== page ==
• Rebecca Lerner

How's sophisticating?

Ruminations on The White Album by Joan Didion

Didion starts the collection of essay The White Album with a dramatic flair: "We tell ourselves stories in order to live." When I first read that, I read it romantically, that it meant that we need to tell stories, that our very beings are wrapped up in the desires of story-telling.

I was wrong.

Didion is saying that in order to survive and maintain any sanity, we need to imbue narrative structure onto our lives. Otherwise, the whole thing falls apart.

During the end of the sixties, Didion was winning awards, writing incredible novels and essays and hanging out with Jim Morrison. But she wasn't in a good place. She looks back at a stay in a psychiatric institution, putting the full report in the book, which details her bizarre responses and defense mechanisms. She responds to the report, saying "By way of comment I offer only that an attack of vertigo and nausea does not now seem to me an inappropriate response to the summer of 1968."

The thread of The White Album, more than anything, is one of reflection. Of accepting that the time was cuckoo — she interviewed a Manson girl, almost got divorced, became obsessed with the Hoover Dam. She lived through it, got through the days and then ascribed meaning to it. There isn't sense in anything until it's written down.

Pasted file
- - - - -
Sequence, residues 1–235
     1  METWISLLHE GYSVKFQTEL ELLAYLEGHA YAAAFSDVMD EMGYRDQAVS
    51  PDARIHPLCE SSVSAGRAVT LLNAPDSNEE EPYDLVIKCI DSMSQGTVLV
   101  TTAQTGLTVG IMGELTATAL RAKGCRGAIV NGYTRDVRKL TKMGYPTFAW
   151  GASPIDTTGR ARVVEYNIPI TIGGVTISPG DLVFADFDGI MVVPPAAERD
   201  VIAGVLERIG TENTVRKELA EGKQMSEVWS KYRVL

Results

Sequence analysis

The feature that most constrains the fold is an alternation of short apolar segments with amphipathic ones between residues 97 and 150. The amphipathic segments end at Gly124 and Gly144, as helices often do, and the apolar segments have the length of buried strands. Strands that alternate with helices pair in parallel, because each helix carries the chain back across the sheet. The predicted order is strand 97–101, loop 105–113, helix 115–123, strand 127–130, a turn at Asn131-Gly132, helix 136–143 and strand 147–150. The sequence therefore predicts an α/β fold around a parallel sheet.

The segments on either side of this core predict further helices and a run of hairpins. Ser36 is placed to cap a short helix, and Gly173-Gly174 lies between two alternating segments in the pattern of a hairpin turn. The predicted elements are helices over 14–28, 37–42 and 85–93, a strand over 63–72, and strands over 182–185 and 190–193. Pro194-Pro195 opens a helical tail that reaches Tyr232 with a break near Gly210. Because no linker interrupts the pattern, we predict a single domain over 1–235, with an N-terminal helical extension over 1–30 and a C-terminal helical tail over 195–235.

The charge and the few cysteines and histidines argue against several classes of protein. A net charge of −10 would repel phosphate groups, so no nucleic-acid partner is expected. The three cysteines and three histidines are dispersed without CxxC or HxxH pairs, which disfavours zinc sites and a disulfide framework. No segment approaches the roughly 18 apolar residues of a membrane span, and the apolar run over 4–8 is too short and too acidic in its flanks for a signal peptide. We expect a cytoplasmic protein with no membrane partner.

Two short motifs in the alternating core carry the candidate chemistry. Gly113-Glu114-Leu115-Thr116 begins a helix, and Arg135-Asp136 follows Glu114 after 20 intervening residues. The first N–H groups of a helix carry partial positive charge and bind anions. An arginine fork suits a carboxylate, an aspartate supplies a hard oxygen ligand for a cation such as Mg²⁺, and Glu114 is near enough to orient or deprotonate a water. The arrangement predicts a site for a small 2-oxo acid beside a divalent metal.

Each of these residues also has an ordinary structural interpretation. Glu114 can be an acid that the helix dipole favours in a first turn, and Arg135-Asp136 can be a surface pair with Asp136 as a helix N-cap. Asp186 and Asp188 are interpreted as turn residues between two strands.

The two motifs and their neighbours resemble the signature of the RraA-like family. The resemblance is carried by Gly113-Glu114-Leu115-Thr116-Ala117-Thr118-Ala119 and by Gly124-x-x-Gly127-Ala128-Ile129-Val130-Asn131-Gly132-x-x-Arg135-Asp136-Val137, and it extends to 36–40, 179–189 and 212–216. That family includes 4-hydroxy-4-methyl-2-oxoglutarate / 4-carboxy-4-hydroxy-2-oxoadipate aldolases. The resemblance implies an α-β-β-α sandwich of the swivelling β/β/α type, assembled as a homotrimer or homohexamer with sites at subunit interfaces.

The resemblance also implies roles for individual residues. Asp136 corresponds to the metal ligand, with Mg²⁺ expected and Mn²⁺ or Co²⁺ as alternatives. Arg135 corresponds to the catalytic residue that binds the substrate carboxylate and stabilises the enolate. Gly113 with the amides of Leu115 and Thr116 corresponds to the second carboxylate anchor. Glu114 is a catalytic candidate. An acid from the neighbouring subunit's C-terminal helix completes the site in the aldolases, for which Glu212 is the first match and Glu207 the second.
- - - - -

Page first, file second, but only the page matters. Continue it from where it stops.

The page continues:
We like to pretend we know how the stories end, but we don't. We can only stay where we are, try to remain clear-headed. Do something for our nerves. (Side note: I do love Didion's euphemism of "having bad nerves" rather than just being plain old anxious and depressed like everyone else.)

But as much as The White Album is about Didion and how to survive with just a narrative arc in your pocket, it's also about how a landscape can change you. Didion loves to play tourist — in her hometown of Sacramento, in the islands of Hawaii, in Bogota. She is somehow both detached and highly invested in her settings, because there's a sense that she doesn't have to stay there any longer than she wants to.

In her 1979 review of The White Album, Michiko Kakutani posits, "California belongs to Joan Didion." In the same way that Didion proclaimed that Kilimanjero belongs to Ernest Hemingway and Oxford, Mississippi belongs to William Faulkner. Because they've claimed it the hardest and been the most obsessive about it, it is then theirs.

It feels obvious and cliché but I'll say it anyway — just because you love something doesn't make it yours.

But California does belong to Joan Didion, in a sense. She took the essence of her California and infused it into herself and her writing. I think we rarely "own" anyone or anything, but we often have symbiotic relationships of influence with the people we're around and the places we inhabit. These relationships are where we are allowed to constantly iterate upon our identities, taking parts of people and places, imbibing them thoroughly and creating something entirely transformed.


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